S Jain and R Choudhary, Lecture notes in mechanical engineering (Springer Nature, Singapore, 2019), https://doi.org/10.1007/978-981-13-1903-7_40

  26. 26.

    M S Aghighi, A Ammar, C Metivier and M Gharagozlu, Int. J. Therm. Sci. 127, 79 (2018)

    Google Scholar 

  27. 27.

    F Mabood and K Das, Heliyon5(2), 201216 (2019)

    Google Scholar 

  28. 28.

    J Raza, Propul. Power Res. 8, 138 (2019)

    Google Scholar 

  29. 29.

    T Thumma, S R Mishra and M D Shamshuddin, Lecture notes in mechanical engineering (Springer Nature, Singapore, 2019), https://doi.org/10.1007/978-981-13-1903-7_66

  30. 30.

    H J Xu, Z B Xing, F Q Wang and Z M Cheng, Chem. Eng. Sci. 195, 462 (2019)

    Google Scholar 

  31. 31.

    B K Jha, B Y Isah and I J Uwanta, Ain Shams Eng. J. 9, 1069 (2018)

    Google Scholar 

  32. 32.

    R Sachan and M Bajpai, Int. J. Res. Development Pharmacy Life Sci. 3, 748 (2013)

    Google Scholar 

  33. 33.

    M Nakamura and T Sawada, J. Biomech. 110, 137 (1988)

    Google Scholar 

  34. 34.

    N T M Eldabe, M F El-Sayed, A Y Ghaly and H M Sayed, Physica A 383, 253 (2007)

    ADS  Google Scholar 

  35. 35.

    E F Elshehawey, N T Eldabe, E M E Elbarbary and N S Elgazery, Can. J. Phys. 82, 701 (2004)

    ADS  Google Scholar 

  36. 36.

    H Sithole, H Mondal, S Goqo, P Sibanda and S Motsa, Appl. Math. Comput. 339, 820 (2018)

    MathSciNet  Google Scholar 

  37. 37.

    J C Slattery, Momentum, energy and mass transfer in continua (McGraw-Hill, New York, 1972)

    Google Scholar 

  38. 38.

    S R R C Babu, S Venkateswarlu and K J Lakshmi, Int. J. Appl. Eng. Res. 13, 13989 (2018)

    Google Scholar 

  39. 39.

    N T Eldabe, E F Elshehawey, E M E Elbarbary and N S Elgazery, Appl. Math. Comput. 160, 437 (2005)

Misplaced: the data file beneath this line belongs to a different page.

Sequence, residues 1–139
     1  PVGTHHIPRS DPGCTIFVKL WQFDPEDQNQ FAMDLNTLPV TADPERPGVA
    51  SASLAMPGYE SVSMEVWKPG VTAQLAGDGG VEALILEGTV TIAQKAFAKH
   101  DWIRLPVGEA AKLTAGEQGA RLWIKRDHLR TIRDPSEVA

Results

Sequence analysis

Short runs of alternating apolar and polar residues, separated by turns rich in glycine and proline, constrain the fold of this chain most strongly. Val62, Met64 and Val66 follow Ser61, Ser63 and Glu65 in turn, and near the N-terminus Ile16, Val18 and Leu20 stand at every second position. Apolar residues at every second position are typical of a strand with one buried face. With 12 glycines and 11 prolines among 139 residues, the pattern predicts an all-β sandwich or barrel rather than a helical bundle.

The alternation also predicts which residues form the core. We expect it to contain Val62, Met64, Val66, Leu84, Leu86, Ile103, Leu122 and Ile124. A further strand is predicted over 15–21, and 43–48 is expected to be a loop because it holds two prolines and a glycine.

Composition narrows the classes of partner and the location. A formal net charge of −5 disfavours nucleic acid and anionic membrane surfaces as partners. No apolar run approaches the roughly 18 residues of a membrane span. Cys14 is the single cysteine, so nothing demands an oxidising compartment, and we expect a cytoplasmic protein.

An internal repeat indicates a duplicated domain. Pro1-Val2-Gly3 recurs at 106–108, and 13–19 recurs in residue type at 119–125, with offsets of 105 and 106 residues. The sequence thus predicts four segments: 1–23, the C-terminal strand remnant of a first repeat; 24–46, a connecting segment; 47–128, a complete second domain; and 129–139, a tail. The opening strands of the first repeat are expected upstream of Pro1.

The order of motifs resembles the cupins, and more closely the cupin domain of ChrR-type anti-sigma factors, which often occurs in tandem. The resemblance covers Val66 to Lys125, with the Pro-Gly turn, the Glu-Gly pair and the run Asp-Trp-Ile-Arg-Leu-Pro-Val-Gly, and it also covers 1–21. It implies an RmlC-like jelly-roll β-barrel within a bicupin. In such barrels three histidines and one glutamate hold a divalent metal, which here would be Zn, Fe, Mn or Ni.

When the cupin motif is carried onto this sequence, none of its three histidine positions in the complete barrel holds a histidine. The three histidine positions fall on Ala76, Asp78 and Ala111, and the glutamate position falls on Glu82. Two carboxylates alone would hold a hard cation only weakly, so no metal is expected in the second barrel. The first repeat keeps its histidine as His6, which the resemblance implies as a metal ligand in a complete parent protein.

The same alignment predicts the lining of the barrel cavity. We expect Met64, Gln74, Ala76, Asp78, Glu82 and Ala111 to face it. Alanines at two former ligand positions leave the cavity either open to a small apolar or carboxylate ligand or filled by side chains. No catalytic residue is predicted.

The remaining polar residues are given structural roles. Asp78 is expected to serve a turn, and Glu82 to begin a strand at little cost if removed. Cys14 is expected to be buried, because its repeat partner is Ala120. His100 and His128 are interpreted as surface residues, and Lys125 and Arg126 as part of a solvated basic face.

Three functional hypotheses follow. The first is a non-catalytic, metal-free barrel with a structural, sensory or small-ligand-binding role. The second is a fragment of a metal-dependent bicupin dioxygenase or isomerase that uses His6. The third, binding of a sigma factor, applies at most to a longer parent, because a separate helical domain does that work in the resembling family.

MathSciNet  Google Scholar 

  40. 40.

    K Bhattacharyya, M S Uddin and G C Layek, Alex. Eng. J. 55, 1703 (2016)

    Google Scholar 

  41. 41.

    M A Snyder, Chebyshev methods in numerical approximation (Prentice-Hall, USA, 1966)

    Google Scholar 

  42. 42.

    L Fox and I B Parker, Chebyshev polynomials in numerical analysis (Oxford University Press, London, 1968)

    Google Scholar 

  43. 43.

    D Gottlieb and S A Orszag, Numerical analysis of spectral methods: Theory and applications, CBMS-NSF Regional Conference Series in Applied Mathematics 26 (Philadelphia, PA: SIAM, 1977)

    Google Scholar 

  44. 44.

    R G Voigt, D Gottlieb and M Y Hussaini, Spectral methods for partial differential equations (SIAM, Philadelphia, PA, 1984)

    Google Scholar 

  45. 45.

    C Canuto, M Y Hussaini, A Quarterini and T A Zang, Spectral methods in fluid dynamics (Springer-Verlag, Berlin, 1988)

    Google Scholar 

  46. 46.

    J P Boyd, Chebyshev and Fourier spectral methods (Dover, New York, 2000)

    Google Scholar 

  47. 47.

    N S Elgazery, J. Egypt. Math. Soc.27, 39 (2019)

    MathSciNet  Google Scholar 

  48. 48.

    A Saadatmandi and M Dehghan, Phys. Lett. A372, 4037 (2008)

    ADS  Google Scholar 

  49. 49.

    K H Huang, R Tsai and C H Huang, J. Non-Newtonian Fluid Mech.165, 1351 (2010)

    Google Scholar 

  50. 50.

    E M E Elbarbary and S M El-Sayed, Appl. Numer. Math.55, 425 (2005)

    MathSciNet  Google Scholar 

  51. 51.

    E H Doha, J. Comput. Math. Appl.21, 115 (1991)

    MathSciNet  Google Scholar 

  52. 52.

    M Hamid, M Usmanb, Z H Khane, R Ahmad and W Wang, Phys. Lett. A383, 2400 (2019)

    ADS  MathSciNet  Google Scholar 

  53. 53.

    A Zaib, K Bhattacharyya, M Uddin and S Shafie, Model. Simul. Eng.4, 1 (2016)

    Google Scholar 

  54. 54.

    A Falana, O A Ojewale and T B Adeboje, Adv. Nanoparticles5, 123 (2016)

    Google Scholar 

Download references

Acknowledgements

The authors are thankful to the reviewers for their constructive suggestions and encouraging comments to improve the final form of this manuscript.

Author information

Affiliations

Authors

Corresponding author

Correspondence to Nasser S Elgazery.

Rights and permissions

Reprints and Permissions

About this article

Verify currency and authenticity via CrossMark

Cite this article

Elgazery, N.S., Elelamy, A.F. Multiple solutions for non-Newtonian nanofluid flow over a stretching sheet with nonlinear thermal radiation: Application in transdermal drug delivery. Pramana - J Phys 94, 68 (2020). https://doi.org/10.1007/s12043-020-1925-x

Download citation

Keywords

  • Multiple solutions
  • non-Newtonian nanofluid
  • variable thermal conductivity
  • nonlinear radiation
  • convective boundary condition
  • Chebyshev pseudospectral method
  • porous medium

PACS Nos

  • 44.20.+b
  • 65.80.–g
  • 02.20.–a
  • 47.50.–d